In December 2009, Banksy marked the end of the 2009 United Nations Climate Change Conference by painting four murals on global warming. One included the phrase, "I don't believe in global warming;" the words were submerged in water.[83] A feud and graffiti war between Banksy and King Robbo broke out when Banksy allegedly painted over one of Robbo's tags. The feud has led to many of Banksy's works being altered by graffiti writers.[84]
This particular Banksy lasted only 4 months from May 2008 to August 2008. It was created in Leake Street Tunnel (also known as Banksy Tunnel) a designated graffiti area. It was soon covered with other works, such is the ever changing nature of the tunnel. It is an ironic piece that showed ancient cave paintings being cleaned by a council worker, highlighting how art is often destroyed by those who don’t understand it. Is Banksy referencing the destruction of his own work?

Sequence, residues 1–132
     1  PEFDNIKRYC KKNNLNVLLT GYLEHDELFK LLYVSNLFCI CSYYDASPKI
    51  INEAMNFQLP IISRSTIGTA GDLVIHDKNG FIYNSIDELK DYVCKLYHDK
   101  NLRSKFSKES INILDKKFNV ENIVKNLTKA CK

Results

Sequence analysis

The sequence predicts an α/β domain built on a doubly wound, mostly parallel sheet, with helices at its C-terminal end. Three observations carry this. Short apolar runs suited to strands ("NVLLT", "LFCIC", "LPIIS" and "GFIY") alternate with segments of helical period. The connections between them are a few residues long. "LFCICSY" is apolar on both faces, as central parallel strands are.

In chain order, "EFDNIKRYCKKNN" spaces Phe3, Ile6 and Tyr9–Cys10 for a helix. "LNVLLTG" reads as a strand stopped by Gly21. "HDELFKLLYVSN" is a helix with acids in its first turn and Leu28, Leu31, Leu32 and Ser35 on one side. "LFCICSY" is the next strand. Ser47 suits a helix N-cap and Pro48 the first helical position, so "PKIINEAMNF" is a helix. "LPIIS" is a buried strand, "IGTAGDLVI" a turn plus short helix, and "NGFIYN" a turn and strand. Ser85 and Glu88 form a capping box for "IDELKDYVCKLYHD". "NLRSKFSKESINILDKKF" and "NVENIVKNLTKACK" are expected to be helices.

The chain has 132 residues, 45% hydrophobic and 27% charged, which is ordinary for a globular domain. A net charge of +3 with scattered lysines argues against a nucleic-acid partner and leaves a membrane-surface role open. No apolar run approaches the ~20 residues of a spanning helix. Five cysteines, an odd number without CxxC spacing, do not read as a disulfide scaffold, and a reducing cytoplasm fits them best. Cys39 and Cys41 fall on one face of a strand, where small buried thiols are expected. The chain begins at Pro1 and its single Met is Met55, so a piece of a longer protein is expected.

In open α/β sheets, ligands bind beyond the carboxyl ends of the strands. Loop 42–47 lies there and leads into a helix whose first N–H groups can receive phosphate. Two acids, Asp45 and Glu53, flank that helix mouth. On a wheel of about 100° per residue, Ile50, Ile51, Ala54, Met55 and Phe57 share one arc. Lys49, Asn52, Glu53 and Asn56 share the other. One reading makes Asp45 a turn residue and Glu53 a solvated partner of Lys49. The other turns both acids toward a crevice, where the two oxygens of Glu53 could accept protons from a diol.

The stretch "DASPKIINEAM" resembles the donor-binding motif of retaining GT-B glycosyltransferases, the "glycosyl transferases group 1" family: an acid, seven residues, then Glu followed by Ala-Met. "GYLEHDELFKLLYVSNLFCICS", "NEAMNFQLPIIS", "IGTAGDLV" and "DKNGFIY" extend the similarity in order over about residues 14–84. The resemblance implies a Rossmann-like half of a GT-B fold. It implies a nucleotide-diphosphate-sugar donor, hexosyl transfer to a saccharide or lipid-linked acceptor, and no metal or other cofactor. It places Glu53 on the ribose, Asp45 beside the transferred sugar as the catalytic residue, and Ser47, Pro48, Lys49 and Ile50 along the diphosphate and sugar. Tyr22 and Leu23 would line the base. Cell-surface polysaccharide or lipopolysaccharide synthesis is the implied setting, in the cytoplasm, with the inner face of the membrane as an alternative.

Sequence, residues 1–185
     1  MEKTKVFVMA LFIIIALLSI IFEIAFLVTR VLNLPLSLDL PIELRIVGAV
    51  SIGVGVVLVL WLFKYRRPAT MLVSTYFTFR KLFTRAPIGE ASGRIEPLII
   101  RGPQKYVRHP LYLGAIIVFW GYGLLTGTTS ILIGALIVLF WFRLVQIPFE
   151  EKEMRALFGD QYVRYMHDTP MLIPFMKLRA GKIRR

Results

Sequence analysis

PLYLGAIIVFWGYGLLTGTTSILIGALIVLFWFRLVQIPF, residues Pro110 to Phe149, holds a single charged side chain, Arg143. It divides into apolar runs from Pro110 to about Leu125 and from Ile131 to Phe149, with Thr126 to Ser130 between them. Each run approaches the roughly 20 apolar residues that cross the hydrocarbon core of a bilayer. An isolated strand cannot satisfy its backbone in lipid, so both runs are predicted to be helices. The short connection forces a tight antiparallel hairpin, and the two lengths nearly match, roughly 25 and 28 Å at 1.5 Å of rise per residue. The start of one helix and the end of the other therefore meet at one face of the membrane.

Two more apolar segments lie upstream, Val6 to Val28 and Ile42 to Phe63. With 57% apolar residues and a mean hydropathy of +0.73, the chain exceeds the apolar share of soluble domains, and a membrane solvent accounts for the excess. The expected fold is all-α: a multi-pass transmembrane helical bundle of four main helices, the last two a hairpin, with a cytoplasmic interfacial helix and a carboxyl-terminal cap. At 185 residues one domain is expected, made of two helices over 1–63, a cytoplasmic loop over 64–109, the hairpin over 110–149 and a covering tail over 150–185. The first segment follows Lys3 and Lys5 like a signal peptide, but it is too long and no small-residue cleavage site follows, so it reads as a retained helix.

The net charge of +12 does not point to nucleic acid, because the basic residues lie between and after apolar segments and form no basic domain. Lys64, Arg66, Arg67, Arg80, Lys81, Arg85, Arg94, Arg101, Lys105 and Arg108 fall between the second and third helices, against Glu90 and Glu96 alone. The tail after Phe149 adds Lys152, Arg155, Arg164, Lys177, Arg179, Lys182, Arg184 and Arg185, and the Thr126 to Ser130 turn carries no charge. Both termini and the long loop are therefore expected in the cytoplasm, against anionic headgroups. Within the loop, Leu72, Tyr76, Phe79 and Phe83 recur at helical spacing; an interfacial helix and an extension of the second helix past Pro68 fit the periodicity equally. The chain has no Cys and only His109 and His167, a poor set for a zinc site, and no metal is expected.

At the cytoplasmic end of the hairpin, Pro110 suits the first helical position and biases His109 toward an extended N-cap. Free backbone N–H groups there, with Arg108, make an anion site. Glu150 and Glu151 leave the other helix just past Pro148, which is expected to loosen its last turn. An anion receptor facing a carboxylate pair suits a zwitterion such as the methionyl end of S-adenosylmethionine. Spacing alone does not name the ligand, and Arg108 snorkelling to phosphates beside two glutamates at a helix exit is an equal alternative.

It was reported that then-New York City Mayor Michael Bloomberg called Banksy a vandal whose work is not the definition of art, and that the NYPD's vandal squad was on the hunt for Banksy over his various graffiti art and installations.[114][115][116] One creation was a fiberglass sculpture of Ronald McDonald and a real person, barefoot and in ragged clothes, shining the oversized shoes of Ronald McDonald. The sculpture was unveiled in Queens but moved outside a different McDonald's around the city every day.[117][118][119] Other works included a YouTube video showing what appears to be footage of jihadist militants shooting down an animated Dumbo; travelling installations that toured the city including a slaughterhouse delivery truck full of stuffed animals and a waterfall; and a modified painting donated to a charity shop which was later sold in an online auction for $615,000.[120][121] Banksy also posted a mock-up of a New York Times op-ed attacking the design of the One World Trade Center after the Times rejected his submission.[122][123] The residency in New York concluded on 31 October 2013;[120][124] many of the pieces, though, were either vandalised, removed or stolen.[125]